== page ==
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November 09, 1988 - Image 26

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Publication:
The Michigan Daily, 1988-11-09

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Page 10 - The Michigan Daily - Wednesday, November 9, 1988

The Schef's Specialty
BY ADAM SCHEFTER

-A

Frieder out to show that
his critics are off the mark
On Monday, I decided to attend basketball practice to see how Michigan
coach Bill Frieder and his players were doing.
The players looked good.
I'm still wondering about Frieder.
My friend and I sat in the stands watching swishes and misses, slams
and jams. We had seen enough.
We removed ourselves from the seats and headed toward the exit. As we
walked up the tunnel, a voice sounded off in back of us.
"Wait, wait. I gotta show you boys something." It was Frieder speaking
as he grabbed a hold of my shoulder.
"What's that, the new book?" I asked thinking he was plugging his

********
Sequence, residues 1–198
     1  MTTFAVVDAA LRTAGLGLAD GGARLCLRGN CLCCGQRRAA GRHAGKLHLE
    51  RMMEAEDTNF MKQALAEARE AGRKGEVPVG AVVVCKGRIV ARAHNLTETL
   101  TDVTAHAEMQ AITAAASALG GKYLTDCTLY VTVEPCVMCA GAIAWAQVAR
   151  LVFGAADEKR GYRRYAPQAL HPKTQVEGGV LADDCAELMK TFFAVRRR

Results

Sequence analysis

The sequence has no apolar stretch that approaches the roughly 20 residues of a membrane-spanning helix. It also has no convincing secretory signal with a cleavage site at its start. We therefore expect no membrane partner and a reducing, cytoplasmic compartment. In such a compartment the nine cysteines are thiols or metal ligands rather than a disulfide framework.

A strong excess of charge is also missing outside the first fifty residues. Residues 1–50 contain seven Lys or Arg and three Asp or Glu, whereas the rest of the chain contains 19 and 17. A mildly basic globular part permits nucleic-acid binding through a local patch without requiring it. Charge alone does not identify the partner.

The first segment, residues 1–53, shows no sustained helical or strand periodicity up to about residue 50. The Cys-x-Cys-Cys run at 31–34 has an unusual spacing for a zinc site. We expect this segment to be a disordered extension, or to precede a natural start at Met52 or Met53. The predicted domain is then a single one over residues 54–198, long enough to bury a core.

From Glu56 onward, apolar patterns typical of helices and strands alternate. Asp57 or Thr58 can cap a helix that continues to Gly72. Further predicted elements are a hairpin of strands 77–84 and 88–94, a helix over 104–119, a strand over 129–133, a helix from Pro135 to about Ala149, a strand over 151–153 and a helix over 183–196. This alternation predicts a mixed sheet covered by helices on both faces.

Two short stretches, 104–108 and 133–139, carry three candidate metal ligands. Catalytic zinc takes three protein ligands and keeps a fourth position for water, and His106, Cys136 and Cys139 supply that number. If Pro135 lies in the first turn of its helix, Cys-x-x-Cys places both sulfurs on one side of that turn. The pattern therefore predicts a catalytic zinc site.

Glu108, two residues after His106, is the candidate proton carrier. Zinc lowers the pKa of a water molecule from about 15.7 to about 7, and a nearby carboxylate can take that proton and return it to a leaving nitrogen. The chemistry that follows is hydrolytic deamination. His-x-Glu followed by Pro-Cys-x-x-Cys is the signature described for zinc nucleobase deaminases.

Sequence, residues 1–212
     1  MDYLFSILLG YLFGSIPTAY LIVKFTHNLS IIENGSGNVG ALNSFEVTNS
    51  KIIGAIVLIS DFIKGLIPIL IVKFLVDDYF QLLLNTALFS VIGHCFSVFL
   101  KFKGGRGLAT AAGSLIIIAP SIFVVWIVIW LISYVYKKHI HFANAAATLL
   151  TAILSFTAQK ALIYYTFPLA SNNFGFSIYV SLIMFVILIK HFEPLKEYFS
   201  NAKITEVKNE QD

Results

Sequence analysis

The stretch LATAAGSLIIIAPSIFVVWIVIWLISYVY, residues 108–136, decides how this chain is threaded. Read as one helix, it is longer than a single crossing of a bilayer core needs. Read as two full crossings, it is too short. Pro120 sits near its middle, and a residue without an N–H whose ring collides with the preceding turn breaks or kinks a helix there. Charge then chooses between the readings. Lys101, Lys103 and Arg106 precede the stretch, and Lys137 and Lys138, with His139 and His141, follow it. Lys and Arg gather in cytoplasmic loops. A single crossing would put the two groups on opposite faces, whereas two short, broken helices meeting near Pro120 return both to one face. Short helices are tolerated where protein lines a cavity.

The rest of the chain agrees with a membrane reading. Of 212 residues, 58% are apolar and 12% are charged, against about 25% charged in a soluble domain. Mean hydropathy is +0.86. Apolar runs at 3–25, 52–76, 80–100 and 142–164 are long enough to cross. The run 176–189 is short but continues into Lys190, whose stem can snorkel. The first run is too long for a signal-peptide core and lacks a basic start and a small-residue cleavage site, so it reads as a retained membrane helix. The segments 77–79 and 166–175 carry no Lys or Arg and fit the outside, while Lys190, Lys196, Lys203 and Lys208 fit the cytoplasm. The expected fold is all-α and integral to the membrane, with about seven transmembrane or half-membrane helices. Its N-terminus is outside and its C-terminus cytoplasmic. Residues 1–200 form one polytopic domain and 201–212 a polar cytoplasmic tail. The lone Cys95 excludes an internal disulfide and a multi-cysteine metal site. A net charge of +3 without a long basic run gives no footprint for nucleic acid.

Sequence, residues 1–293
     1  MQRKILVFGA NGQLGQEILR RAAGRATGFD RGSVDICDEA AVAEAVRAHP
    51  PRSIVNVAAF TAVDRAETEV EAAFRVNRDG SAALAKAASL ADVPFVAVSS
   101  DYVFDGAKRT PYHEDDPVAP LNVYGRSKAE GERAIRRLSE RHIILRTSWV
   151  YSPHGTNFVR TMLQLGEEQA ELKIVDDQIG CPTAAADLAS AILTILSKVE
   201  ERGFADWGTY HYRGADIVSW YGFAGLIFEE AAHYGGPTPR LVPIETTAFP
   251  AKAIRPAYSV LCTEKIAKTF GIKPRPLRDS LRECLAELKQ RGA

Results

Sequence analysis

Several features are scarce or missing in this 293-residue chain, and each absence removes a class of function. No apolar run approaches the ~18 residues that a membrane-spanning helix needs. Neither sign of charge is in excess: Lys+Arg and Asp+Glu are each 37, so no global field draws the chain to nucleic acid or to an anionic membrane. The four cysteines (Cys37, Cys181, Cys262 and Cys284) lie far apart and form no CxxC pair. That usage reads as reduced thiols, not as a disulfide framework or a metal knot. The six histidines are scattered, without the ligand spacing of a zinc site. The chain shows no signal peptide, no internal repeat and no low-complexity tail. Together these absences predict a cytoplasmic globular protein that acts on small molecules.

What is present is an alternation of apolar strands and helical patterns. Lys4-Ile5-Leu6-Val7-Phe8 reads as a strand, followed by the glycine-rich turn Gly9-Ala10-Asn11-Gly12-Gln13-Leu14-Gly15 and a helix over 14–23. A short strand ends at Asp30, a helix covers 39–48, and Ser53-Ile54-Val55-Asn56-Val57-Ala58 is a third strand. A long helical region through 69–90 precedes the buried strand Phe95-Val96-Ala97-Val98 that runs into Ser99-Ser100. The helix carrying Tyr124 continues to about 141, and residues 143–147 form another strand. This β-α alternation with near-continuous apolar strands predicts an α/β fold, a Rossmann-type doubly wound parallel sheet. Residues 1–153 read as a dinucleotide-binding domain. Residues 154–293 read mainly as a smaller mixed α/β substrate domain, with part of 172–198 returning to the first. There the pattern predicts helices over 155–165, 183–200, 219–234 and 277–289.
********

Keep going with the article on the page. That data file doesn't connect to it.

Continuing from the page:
soon-to-be released autobiography, Basket Case.
"No, follow me," said a cackling Frieder.
He led us into the locker room.
"Look at that," he ordered.
I GLANCED to the left - the coaches' office. Straight ahead -
some lockers filled with sneakers and jerseys. To the right - more lockers.
"What?" I questioned, turning back to Frieder.
"That," said Frieder, directing our attention to the side.
Silence.
Standing no more than 15 feet away was a baby-faced, slender, seven-
foot individual. In front of him was a distinguished-looking woman, seated
at a desk, with a folder full of notes.
After a few seconds, a soft voice broke the silence.
"Today, I would like to pay tribute to my high school basketball coach,
Mike Moran. He taught me dedication, commitment and perseverence.
Through him I learned how to..."
Eric Riley, the first-year basketball player from St. Joseph High School
in Cleveland, continued practicing his speech for his tutor.
"SEE THAT," Frieder said. "I don't think there's another coach in
America that would pull his players out of practice to make them work on
their school work instead. I want people to know that."
It's easy to understand that Frieder is anxious to get the point across.
But he's more than anxious. He's paranoid.
He had to endure ex-Wolverine Leslie Rockymore's shoplifting arrest.
He had to answer to Glen Rice punching a residence staff member. He had to